Before you read my short story, you may want to take a look at The Mozzarella Maker, one of the episodes of the series "1 in 8 million" recently published in the NY Times. I was moved by this story and by the images chosen to illustrate it.
After getting the book Home Cheese Making by Ricki Carroll, I tried making her 30-minute Mozzarella. Making this cheese entails heating the curds, stretching the resulting pliable matter, then forming balls and plunging them in cold water. A version of the recipe is available here, and here there is a version that does not use the microwave.
I have made mozzarella in 30-minute several times (some of them using half a gallon of milk, instead of one gallon) and after the first, tentative, time, the results have been pretty consistent. I get the curds to come together and then stretch, though not as far as what Ricki shows on the page referenced above. I also never kneaded the curd outside its bowl, and tried to keep more whey in, with an eye to a softer texture (see the third bullet point under "Option"). My mozzarella is good enough to be used, for example, as topping for pizza margherita, or in a dish I created, called Pizza-inspired Beans. For something like insalata caprese, however, I need to obtain something softer, moister and more flavorful.
The book has another recipe for mozzarella, which calls for farm fresh milk and does not use citric acid. I don't have farm fresh milk, but I tried it nonetheless, because I wanted to experience the different process. The recipe requires checking the pH of the whey, a procedure with which I need to become comfortable. This recipe is more involved: it was a nice challenge and it made me try to work the hot curds with wooden spoons, which is kind of fun.
Like with all the other cheese adventures I have embarked on so far, this has enlightened me on a process with which I was not familiar, content to enjoy the delicious result. I am determined to get better: as you can see from the photo, my mozzarella also needs to acquire a smoother surface. I have some time to practice before summer arrives and a plate of tomatoes from the farmers' market and fresh mozzarella, both sliced, graced by fresh basil leaves and lightly seasoned with olive oil, salt and a hint of pepper makes a simple yet satisfying dish.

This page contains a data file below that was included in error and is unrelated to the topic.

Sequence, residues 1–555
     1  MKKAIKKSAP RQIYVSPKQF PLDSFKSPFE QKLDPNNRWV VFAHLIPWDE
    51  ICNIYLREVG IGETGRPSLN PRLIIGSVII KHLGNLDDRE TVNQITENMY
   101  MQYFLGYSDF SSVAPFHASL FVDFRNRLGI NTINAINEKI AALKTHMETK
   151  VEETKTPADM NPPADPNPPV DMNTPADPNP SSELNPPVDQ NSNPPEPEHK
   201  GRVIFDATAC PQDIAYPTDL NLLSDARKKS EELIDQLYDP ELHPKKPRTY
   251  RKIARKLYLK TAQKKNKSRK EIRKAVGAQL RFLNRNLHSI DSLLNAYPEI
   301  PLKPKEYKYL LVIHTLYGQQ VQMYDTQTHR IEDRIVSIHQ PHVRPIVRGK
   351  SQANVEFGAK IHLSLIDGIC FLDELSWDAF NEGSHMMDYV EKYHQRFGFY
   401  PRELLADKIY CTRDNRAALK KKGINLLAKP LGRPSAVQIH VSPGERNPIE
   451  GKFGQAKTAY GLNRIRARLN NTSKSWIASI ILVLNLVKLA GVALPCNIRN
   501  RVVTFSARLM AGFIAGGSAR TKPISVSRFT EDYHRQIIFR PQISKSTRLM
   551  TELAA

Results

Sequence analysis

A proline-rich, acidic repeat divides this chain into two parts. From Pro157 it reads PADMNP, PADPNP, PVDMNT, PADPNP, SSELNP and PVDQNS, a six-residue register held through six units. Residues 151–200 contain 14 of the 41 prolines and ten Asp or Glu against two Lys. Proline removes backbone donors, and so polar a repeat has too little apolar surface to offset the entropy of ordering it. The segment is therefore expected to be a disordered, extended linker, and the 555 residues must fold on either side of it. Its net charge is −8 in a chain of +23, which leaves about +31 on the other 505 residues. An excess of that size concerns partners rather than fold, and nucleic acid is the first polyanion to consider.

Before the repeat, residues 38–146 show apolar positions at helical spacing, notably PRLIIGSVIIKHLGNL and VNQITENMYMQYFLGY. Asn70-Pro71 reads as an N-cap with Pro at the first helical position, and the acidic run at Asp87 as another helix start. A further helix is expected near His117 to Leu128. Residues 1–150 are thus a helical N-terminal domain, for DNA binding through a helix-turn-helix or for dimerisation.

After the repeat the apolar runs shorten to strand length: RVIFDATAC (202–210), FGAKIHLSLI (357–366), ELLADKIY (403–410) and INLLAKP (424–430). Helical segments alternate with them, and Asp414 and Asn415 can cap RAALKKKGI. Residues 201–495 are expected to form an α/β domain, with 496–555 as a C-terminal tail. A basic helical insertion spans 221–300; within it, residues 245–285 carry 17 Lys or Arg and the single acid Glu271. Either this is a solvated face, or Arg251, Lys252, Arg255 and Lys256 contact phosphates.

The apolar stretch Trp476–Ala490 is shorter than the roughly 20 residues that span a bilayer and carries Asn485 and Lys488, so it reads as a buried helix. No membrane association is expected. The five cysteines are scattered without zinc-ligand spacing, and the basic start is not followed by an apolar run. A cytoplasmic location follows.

This is my contribution the third edition of the Home Creamery Event created by Kirstin of Vin de la Table. Update: The event is now called Kitchen Curds and it is hosted on Kirstin's new blog It's Not You It's Brie. Here's the roundup of the event, which includes the story of what happened when a typo in a recipe turned 180 into 108.
Once again, my lack of knowledge in the wine field becomes evident at this point: you are welcome to help me by suggesting a wine pairing for one of the dishes I mentioned above.
Going out for pizza was something I used to do as a teenager, with friends or classmates. The common beverage in those occasions was birra (beer). Not for me though, as it disagrees with my taste buds. Since my childhood, my favorite accompaniment for pizza is actually a follower: gelato. A nice pizza topped with fresh mozzarella (maybe di bufala) then a nice cup of gelato: Life is good.
Click on the button to hear me pronounce the Italian words mentioned in the post:
or launch the mozzarella audio file [mp3].